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10 Great Movies With A 100% Rotten Tomatoes Score

05 June 2018 | Features, Film Lists | by Dicte Houmøller

cool hand luke

Rarely are critics and filmgoers in complete agreement in terms of which films are the best. And although no film has reached a total consensus of cinematic perfection, a few films come close. Rotten Tomatoes has for years let critics review all kinds of films, certifying the “best of the best” with a so-called fresh status. Of these films, who critics have agreed are great films, even less have gained the total consensus from film critics, reaching the 100% “fresh” mark.

However, a few films have received a 100% score through the years, and although classics such as “12 Angry Men” (1957) and “Citizen Kane” (1941) have a well-deserved place in between these ranks, this list will try and focus on some of the films that are rated 100% fresh, and therefore are classics in their own right, but are still somewhat less known to mainstream audiences.

Lastly, the list will hopefully also underline the variety of genres, release dates, and general artistic expression the films that receive praise can have, and how this is a true testament to the beauty of different tastes, but also the unanimous approval of great cinema.

 

10. Greed (1924)

Greed

“Greed” is an American silent film from 1924 with an original cut of about 8 hours. This would probably seem like quite a tough viewing for the average filmgoer, and still, to this day, the film has a perfect 100% certified fresh rating on Rotten Tomatoes.

To be fair, if you wanted to watch the film today, the cut you would find would only be between two and a half to four hours long, which, all things considered, is considerably less than eight hours. However, even with a long run time, the film manages to encapsulate its audience and keep them interested the whole way through. The fascination probably stems from many things, but perhaps most noticeably through its honest look at human behaviour and greed.

The film is based on the 1899 novel “McTeague” by Frank Norris, and follows dentist Dr. John McTeague, who has fallen in love – or at least lusts for – his best friend Schouler’s girlfriend. The dentist is infatuated with the girlfriend, Trina, and she ends up leaving Schouler to marry McTeague instead. On top of the marriage, Trina wins a considerably large lottery prize and so the intrigue and drama truly ensues.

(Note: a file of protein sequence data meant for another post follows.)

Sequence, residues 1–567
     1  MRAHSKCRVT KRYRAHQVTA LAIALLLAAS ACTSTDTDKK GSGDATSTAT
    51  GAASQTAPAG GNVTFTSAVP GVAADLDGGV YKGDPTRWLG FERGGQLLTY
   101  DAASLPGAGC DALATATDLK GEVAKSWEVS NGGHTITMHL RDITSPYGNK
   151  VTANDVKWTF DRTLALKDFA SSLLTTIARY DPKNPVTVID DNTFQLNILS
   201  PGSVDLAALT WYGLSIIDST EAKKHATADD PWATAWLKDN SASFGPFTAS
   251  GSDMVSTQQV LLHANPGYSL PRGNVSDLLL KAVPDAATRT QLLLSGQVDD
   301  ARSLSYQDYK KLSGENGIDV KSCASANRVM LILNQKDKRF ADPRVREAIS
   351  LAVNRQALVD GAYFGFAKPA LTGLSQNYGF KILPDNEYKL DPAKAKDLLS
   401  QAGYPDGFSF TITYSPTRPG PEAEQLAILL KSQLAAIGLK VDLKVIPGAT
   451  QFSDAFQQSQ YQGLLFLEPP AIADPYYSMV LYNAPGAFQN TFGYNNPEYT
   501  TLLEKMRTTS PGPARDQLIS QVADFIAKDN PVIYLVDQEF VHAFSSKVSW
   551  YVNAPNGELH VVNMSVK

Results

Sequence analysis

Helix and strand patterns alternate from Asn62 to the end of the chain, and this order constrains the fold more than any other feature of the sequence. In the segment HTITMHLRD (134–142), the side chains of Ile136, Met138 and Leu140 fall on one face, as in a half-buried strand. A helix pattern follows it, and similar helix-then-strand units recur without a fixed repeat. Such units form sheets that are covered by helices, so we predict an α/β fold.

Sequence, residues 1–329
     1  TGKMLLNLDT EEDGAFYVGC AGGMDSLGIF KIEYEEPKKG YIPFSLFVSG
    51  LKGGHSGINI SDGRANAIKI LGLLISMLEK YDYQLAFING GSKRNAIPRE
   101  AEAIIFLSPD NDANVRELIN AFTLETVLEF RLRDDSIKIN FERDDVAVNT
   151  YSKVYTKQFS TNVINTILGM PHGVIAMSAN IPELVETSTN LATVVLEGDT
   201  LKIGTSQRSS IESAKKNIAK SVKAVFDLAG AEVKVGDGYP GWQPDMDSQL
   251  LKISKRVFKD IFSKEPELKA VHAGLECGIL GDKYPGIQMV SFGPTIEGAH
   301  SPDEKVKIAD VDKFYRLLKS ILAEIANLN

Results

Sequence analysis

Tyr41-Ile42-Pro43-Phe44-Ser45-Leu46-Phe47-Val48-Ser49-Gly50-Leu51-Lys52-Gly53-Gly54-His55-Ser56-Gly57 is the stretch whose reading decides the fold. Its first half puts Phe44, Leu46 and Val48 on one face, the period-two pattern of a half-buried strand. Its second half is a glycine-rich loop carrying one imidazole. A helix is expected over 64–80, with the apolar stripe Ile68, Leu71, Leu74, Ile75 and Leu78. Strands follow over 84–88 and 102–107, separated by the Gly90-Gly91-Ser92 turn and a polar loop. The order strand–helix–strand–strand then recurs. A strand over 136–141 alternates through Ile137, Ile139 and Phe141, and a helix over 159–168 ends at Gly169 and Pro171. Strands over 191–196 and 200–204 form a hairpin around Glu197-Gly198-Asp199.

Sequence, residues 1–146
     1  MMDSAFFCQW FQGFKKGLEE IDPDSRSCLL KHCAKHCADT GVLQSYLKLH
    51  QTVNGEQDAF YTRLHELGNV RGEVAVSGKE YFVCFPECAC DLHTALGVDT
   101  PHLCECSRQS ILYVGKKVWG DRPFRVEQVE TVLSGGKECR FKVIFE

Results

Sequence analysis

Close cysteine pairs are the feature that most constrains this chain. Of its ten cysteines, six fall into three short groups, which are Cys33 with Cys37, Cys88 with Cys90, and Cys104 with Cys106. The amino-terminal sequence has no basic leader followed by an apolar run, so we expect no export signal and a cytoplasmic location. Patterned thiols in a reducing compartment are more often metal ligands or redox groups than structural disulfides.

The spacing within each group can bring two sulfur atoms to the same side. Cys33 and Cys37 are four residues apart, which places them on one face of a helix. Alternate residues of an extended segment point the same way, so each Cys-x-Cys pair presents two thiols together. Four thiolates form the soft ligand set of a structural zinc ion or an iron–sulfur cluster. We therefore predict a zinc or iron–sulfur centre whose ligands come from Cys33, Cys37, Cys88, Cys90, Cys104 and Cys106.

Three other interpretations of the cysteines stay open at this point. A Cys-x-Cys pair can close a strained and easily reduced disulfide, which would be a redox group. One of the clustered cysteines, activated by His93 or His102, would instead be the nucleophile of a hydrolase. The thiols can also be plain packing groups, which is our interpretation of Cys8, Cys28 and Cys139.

From an angry and jealous Schouler who gets McTeague fired, a Trina who’s so obsessed with her prize money that she won’t share, to an alcoholic and ill-mannered McTeague who will do anything for a part of the gold, they all show their greed.

Aside from the equal parts of thriller and horror that the viewer feels when following the greedy and horrible actions of the characters, the film has also received praise for other reasons. It’s undoubtedly a classic with its use of deep-focus and effective camera movements, as well as its naturalistic portrayal of people from lower classes of society, which wasn’t all that common at the time.

Of course, there is also the story of the original cut that only 12 people saw, before the film, somewhat against director Erich von Stroheim’s will, was cut down to about four hours. Later, the film was cut down to even less for public release, and the original cut has since been lost.

In 1999, a four-hour cut was completed with the use of still photos from the set in an attempt to get close to the original four-hour cut that had been lost many years prior. The lost archives with many hours of footage are today often referred to as the Holy Grail of cinema, which sums up the status the film has gained through the years, and will probably continue to have.

 

9. Alfie (1966)

Alfie

“Alfie,” not entirely surprising, follows a man by the name of Alfie. Played by a young Michael Caine, Alfie is from the working class of London and he thoroughly enjoys the physical company of women. He is a cockney version of Don Juan, and the film makes no effort to hide it. It’s a frank portrayal of a witty and charismatic – but also a slightly misogynistic – bachelor. The story has been told before, and even many times after, but somehow “Alfie” has managed to stand out and garner the love of critics through the years.

First and foremost, Caine is stellar in what is probably his breakthrough performance. His portrayal is mesmerizing, and with his quick wit and suave moves he fascinates, even though you might disagree with his character’s ways. Aside from the essential character of Alfie, the film also holds up because of its well-written and intelligent screenplay.

The script is based on a play by Bill Naughton, which is quite obvious. The dialogue is consistently sharp, the comedic timing is on point, and the character development of Alfie slowly creeps in on its audience. Because, in the end, Alfie of course has to realize what exactly the lifestyle he has led has cost him.